Resolve for 2011: If I Have Nothing Nice to Say…

Resolve for 2011: If I Have Nothing Nice to Say…

The other morning I made a ruckus trying to get my chronically late teenager up in time for school. She pleaded for “just another ten minutes” but I yelled, screamed and threatened waterboarding until I got her up and into the bathroom. But when she hadn’t surfaced a half hour later I peeked in to find her curled up on the floor of the shower, sleeping, or pretending to sleep. She was going to get those extra ten minutes one way or another. My daughter was treating me to a taste of passive aggressive behavior; better said, she was treating herself, because passive aggression is not only one of the most underrated tools in our arsenal, it’s also one of the most satisfying. (More about that later.)

For those of you who are not regular users, passive aggression can best be described as a statement or act that appears on the surface to be innocent or even sweet, but is actually motivated by hostility, containing a hidden barb of some sort – a sugar-coated pill with a really bad aftertaste. This compliment, for example, from a slim woman to a heavy one: “How brave of you to wear leggings!” It’s the kind of behavior that characterizes the so-called “mean girls”.

So, mean girls, mean women, how did we get to be that way? After all, evolutionary psychologists tell us we’re programmed to be pleasers. When the cavemen went off to hunt, the women stayed behind to care for the kids, bonding together in the face of danger and finding safety in numbers. They had little choice – a woman fleeing from a saber-tooth tiger with an infant hanging from her breast and a toddler in tow was not likely to achieve a personal best for the 400 meter run.

Exclusion from the protection of the clan posed an existential threat – you could starve or be eaten by predators – so the cave women learned to get along, spritzing each other with oxytocin and becoming BFFs. And they learned to express anger in safe, subtle ways. Since the outright expression of hostility was dangerous, passive aggression was born to fill the gap between mute compliance and rebellion.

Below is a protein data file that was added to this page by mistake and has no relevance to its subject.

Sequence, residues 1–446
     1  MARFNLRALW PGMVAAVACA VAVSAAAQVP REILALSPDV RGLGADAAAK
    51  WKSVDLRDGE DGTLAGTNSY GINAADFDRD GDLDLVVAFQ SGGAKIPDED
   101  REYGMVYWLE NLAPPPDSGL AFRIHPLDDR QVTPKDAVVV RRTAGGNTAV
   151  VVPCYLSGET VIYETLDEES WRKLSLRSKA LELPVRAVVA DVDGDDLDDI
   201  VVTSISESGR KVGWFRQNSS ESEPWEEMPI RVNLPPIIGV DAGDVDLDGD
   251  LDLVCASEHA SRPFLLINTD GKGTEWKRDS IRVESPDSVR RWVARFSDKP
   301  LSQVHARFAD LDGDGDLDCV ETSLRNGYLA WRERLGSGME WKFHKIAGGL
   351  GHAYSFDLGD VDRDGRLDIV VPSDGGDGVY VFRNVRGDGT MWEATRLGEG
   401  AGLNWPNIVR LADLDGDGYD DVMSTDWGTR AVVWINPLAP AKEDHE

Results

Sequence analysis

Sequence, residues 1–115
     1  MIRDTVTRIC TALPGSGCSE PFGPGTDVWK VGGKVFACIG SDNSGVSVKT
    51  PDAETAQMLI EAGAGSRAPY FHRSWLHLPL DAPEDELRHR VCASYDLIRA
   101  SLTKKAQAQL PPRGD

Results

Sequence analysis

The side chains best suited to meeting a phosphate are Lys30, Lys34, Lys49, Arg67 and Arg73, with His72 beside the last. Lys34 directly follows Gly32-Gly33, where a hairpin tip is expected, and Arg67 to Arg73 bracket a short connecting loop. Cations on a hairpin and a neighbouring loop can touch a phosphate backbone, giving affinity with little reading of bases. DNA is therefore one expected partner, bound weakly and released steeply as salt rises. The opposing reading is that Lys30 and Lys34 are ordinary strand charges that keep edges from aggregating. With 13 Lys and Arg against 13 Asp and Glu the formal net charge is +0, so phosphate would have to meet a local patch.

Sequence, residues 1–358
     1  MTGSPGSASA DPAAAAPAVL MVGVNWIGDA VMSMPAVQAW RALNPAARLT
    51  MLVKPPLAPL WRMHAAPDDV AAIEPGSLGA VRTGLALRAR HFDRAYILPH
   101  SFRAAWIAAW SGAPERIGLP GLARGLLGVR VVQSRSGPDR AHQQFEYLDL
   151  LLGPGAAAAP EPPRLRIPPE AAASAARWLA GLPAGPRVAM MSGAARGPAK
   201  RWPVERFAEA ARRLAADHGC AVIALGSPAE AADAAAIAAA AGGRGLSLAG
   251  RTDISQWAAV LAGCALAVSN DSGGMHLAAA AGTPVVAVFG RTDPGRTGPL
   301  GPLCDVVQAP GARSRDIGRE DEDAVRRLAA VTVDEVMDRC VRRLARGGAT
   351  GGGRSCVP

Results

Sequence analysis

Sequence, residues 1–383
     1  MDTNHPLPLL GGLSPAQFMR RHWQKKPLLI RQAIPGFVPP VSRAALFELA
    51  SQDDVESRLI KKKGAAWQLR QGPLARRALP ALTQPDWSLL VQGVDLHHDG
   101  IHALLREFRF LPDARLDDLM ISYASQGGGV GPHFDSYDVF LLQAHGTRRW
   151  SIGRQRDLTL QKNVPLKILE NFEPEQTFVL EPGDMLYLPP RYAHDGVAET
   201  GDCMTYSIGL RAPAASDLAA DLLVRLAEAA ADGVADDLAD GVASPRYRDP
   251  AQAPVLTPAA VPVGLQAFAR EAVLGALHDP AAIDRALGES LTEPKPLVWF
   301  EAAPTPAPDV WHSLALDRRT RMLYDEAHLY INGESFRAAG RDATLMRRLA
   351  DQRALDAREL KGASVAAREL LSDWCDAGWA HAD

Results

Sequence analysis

My family recently presented me with yet another excellent example of passive aggression. (Apparently we are very good at this.) My mother had just learned that she had been excluded from the birthday party of Joan, a member of her social circle. Truth be told, she was not overly fond of Joan and, in fact, rather disliked her. Nonetheless, she felt snubbed. I was with my mom when she first heard about this and as she mulled over the situation. After a while she announced: “I think I’ll get her a nice present.”

On the surface this would appear to be a generous impulse. However, knowing my mother, this was not a selfless gesture but the stroke of a master manipulator. She could have opted for direct, honest confrontation, but that would have been potentially disruptive to the balance of relationships. Equally important, it would have all been over too soon.

Woody Allen once described a debate he and his wife had about whether to use their savings to take a nice vacation or to get a divorce. They opted for the divorce, reasoning that a vacation is over in a week, but a divorce is something you’ll always have. Open aggression is like a nice vacation – momentarily satisfying but then, you know, it’s over and you’re left with a hefty bill. But the pleasures of passive aggression go on and on.

To illustrate, the scenario between my mother and Joan might play out like this: My mother would pretend not to know about the party and send a thoughtful gift. First, she would enjoy imagining Joan’s discomfort upon receiving the present. Then, Joan would call and thank her, feeling obliged to extend an invite to the party, thereby allowing my mom the further joy of turning her down with all the sweet insincerity she could muster. Or the plot might thicken. Joan could send a thank you note but fail to proffer the expected invitation. Then my mother would have to wonder – was Joan “on to her” and retaliating in kind, or was she the rare woman that was simply immune to guilt and other devious tactics? Either way, the game promised to be highly entertaining.

But here we are in the 21st century and it’s fair to ask the question: Why are we still afraid to openly express our negative feelings? The saber-tooth tigers are long gone. A third of the country is obese so there appears to be plenty of food. And the men, well not the hunters they used to be, are they. So maybe we should resolve for 2011 and beyond: “If we have nothing nice to say, … we’ll just come right out and say it! “

But this, like all New Year’s resolutions, is destined to fail because straightforward and honest aggression is just not as much fun as the insidious kind, the kind that has delighted and amused women since long before the Pleistocene era. And who are we to tamper with such a time-honored tradition?

So for 2011 lets resolve, instead, to do exactly what we intend to do anyway: “If we have nothing nice to say, we’ll just say something that sounds really nice.“

And by the way, what an adorable dress you’ve got on! I admired it so much last week when my sister’s housekeeper wore it.

Article & Illustration By Alisa Singer

Alisa Singer’s humorous essays have appeared in a variety of print and online newspapers and magazines across the country and in Canada. She is the author of various gift books designed to entertain and amuse baby boomers. Her newest book, When a Girl Goes From Bobby Sox to Compression Stockings…She Gets a Little Cranky, is available at You can learn more about her work by visiting her website: or contacting her at”